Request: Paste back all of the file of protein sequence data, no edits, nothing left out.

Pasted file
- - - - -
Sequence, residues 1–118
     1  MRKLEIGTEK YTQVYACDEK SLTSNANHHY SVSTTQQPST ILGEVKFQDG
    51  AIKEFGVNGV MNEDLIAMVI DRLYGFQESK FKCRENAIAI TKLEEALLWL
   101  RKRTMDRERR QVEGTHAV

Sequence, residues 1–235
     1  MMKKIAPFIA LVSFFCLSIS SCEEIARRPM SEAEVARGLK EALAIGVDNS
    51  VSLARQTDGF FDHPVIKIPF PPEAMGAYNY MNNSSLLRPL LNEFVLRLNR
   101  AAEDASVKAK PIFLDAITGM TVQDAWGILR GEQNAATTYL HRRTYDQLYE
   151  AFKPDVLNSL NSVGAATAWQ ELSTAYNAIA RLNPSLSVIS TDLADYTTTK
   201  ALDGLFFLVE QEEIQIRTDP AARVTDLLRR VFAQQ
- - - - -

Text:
Sequence, residues 1–118
     1  MRKLEIGTEK YTQVYACDEK SLTSNANHHY SVSTTQQPST ILGEVKFQDG
    51  AIKEFGVNGV MNEDLIAMVI DRLYGFQESK FKCRENAIAI TKLEEALLWL
   101  RKRTMDRERR QVEGTHAV

Sequence, residues 1–235
     1  MMKKIAPFIA LVSFFCLSIS SCEEIARRPM SEAEVARGLK EALAIGVDNS
    51  VSLARQTDGF FDHPVIKIPF PPEAMGAYNY MNNSSLLRPL LNEFVLRLNR
   101  AAEDASVKAK PIFLDAITGM TVQDAWGILR GEQNAATTYL HRRTYDQLYE
   151  AFKPDVLNSL NSVGAATAWQ ELSTAYNAIA RLNPSLSVIS TDLADYTTTK
   201  ALDGLFFLVE QEEIQIRTDP AARVTDLLRR VFAQQ